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7 Kids, 2 Adults Killed In Fire

A fire broke out during a sleepover at a Cleveland house early Saturday, killing seven children and two adults, the fire department said.

Eleven people were in the house in the eastern part of the city when the blaze started around 3 a.m., said Assistant Fire Chief Tim O'Toole. O'Toole said at least one of the children was at the house for a sleepover. The victims were ages 4 to 34.

Firefighters said the mother of six of the dead children lived in the house, but it was unclear how the others were related.

One of the house's occupants was being treated at a hospital in the late morning, but the extent of the injuries wasn't known, O'Toole said. Another survivor didn't require hospital treatment.

An investigation into the fire's cause centered on the house's first floor, which sustained heavy fire damage, O'Toole said. The second floor, where all the bodies were found, was heavily damaged by smoke and soot, he said.

"It obviously had a large volume of fire; it's certainly severely fire damaged," he said.

Much of the house's white wooden frame was charred jet black and the roof over the front porch was partially collapsed. Every visible window had been knocked out by firefighters or shattered in the fire.

As daylight broke, dozens of neighbors, family and friends gathered near the scene, hugging and crying as they surveyed the obvious damage to the 99-year-old home. A smell of soot hung in the air, and firefighters shoveled debris onto a small fenced front yard. The house's barred security door hung by one hinge.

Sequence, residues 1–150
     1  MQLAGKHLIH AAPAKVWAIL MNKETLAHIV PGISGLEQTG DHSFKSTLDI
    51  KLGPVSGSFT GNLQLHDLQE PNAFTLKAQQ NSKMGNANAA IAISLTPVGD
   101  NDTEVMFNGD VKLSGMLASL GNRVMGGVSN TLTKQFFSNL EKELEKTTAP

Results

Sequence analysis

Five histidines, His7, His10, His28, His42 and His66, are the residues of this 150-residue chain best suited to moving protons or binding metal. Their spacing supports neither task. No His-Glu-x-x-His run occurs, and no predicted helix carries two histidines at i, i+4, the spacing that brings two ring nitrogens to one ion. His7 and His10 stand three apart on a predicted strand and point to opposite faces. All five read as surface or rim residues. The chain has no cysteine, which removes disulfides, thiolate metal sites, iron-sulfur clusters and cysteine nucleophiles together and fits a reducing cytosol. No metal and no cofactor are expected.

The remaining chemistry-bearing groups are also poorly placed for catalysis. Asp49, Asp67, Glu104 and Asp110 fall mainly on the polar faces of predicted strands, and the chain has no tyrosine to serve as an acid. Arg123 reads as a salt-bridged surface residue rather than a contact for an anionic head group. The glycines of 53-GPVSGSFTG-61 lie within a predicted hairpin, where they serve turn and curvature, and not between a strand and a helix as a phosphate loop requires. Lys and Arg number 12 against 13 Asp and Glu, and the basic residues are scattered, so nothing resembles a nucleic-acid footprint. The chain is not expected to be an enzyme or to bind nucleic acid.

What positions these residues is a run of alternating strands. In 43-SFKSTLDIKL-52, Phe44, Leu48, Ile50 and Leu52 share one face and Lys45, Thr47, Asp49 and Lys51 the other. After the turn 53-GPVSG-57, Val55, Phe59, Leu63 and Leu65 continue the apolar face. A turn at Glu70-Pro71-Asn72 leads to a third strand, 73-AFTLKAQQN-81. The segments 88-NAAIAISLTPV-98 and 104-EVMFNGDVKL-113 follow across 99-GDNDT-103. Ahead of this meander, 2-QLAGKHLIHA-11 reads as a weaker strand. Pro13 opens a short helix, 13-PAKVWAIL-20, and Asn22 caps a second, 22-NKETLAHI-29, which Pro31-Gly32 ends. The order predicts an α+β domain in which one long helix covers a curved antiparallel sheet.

Richard Carter told WKYC-TV that he lost his daughter and several grandchildren in the blaze.

"I just want somebody to pray for me and my family," he said through tears as he trembled in the chilly spring air.

According to Cuyahoga County auditor's office documents, the 1712-square-foot house had four-bedrooms.

Neighbors said the mother was well-known on the street in the working class neighborhood about 3 miles from downtown where many of the older homes are rented to lower-income families. Many of the houses have been refurbished, but a few are boarded up.

Cleveland Mayor Jane Campbell came to the street around 6 a.m. to help comfort neighbors.

No further information on the victims' identities was immediately available. It wasn't immediately clear how many of the victims lived at the house.

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